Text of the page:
Lenders use your credit score as an indication of how likely you are to pay back a loan. Some lenders will be willing to accept collateral if you don’t have a good credit score. Collateral is an object of value that you’ll have to turn over to a lender if you don’t keep up with your payments. That way the lender isn’t taking as big a risk because they know they’ll be able to get something whether the payments are made or not. If you’re considering a title loan, they’ll want your car as collateral. Can you afford to lose your car just for a short term loan?

D IS FOR DEBT TRAP

A good lender wants the borrower to pay back their loan. Once the borrower pays back the principal and interest, they aren’t stuck in debt and the lender gets their money back plus interest. It’s a win-win! But that’s not enough for some lenders. They’d rather you not be able to pay back your loan in time, forcing you to pay a rollover fee to extend your loan. This will lead you into a cycle of debt, meaning that paying your loan back becomes increasingly difficult, and ultimately, impossible.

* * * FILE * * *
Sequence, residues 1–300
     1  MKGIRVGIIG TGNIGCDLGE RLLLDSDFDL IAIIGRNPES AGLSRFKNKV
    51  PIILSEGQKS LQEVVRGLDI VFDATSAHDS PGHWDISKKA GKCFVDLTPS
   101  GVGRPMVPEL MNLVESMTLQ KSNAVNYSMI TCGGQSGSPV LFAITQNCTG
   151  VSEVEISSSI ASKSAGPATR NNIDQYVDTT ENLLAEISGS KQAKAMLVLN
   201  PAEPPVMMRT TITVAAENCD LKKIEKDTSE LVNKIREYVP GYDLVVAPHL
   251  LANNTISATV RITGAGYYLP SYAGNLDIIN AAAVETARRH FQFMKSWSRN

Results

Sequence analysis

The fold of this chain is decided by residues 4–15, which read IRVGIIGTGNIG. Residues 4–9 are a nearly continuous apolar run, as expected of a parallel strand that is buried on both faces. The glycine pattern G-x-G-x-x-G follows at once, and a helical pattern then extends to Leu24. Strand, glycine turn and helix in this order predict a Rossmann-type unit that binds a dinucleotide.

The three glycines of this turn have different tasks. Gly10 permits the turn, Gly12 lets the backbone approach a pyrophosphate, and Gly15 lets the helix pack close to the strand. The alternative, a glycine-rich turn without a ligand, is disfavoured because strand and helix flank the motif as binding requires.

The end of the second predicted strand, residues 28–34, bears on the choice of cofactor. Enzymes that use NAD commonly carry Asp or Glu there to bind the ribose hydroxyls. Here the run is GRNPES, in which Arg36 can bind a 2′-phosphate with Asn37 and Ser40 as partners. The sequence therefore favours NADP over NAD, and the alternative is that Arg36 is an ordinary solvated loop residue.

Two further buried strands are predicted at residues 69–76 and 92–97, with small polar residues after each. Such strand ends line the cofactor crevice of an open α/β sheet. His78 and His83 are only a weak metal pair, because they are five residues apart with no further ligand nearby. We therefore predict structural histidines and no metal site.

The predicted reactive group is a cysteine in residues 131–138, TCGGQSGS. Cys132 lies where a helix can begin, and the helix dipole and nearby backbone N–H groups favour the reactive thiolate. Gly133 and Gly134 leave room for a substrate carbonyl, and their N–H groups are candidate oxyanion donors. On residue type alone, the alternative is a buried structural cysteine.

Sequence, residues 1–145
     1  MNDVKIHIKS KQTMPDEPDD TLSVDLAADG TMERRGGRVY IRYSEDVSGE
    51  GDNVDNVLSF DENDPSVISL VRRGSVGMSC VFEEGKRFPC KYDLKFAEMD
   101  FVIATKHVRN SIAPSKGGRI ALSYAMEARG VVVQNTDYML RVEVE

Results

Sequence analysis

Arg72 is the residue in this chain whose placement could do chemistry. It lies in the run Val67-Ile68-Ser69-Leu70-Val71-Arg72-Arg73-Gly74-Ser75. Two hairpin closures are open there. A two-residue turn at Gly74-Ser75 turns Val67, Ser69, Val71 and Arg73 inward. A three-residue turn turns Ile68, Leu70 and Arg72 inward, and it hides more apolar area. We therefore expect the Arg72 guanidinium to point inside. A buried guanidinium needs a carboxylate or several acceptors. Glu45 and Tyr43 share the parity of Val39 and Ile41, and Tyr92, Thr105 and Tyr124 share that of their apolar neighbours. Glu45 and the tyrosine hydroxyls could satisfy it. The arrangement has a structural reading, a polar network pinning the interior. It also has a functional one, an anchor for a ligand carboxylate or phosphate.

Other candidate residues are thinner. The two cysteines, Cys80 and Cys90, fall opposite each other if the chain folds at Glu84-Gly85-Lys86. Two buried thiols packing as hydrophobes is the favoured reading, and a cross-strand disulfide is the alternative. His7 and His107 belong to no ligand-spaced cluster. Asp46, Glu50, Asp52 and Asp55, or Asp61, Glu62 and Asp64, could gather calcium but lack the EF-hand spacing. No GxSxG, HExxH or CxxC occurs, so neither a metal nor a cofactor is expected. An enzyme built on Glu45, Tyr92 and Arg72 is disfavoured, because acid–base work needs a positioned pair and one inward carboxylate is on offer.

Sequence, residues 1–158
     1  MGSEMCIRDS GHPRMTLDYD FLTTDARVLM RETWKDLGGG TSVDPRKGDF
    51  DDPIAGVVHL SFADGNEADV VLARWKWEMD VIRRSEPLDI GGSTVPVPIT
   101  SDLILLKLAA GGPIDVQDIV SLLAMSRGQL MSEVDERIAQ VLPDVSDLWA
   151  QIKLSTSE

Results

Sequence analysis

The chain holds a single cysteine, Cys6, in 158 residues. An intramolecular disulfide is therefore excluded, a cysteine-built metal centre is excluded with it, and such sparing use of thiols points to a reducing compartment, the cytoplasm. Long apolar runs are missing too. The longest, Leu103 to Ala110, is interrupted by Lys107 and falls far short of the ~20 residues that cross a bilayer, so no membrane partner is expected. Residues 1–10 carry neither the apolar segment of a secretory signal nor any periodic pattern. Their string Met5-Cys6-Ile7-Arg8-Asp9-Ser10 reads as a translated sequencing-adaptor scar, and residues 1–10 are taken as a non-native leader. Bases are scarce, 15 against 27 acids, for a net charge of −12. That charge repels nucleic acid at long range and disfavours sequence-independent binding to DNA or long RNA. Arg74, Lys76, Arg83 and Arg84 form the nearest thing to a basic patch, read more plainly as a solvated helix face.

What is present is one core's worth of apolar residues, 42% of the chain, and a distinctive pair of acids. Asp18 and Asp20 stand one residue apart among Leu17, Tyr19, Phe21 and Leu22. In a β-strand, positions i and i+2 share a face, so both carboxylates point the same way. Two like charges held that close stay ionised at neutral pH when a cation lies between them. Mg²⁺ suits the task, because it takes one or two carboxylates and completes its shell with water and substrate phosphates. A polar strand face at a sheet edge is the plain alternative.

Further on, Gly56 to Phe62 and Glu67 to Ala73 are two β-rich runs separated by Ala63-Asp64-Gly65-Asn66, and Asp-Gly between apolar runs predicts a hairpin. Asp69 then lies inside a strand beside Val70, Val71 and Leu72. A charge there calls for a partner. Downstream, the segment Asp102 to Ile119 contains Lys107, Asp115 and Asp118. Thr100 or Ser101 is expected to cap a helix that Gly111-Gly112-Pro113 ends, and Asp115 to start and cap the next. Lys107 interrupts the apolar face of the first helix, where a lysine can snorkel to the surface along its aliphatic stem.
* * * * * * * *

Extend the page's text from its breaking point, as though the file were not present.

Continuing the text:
E IS FOR EMPTY PROMISES

Many dishonest lenders will try to take advantage of you (they know your lower credit score leaves you with fewer options, so they think you’ll settle for their unfair deals). These bad lenders will do whatever they can to try and rush you into signing up for a loan that could put you in an even worse position than you are to begin with. It’s important that you ask whatever questions you need and take whatever time you’re able to find the loan that works best for you and your current situation.

F IS FOR FICO SCORE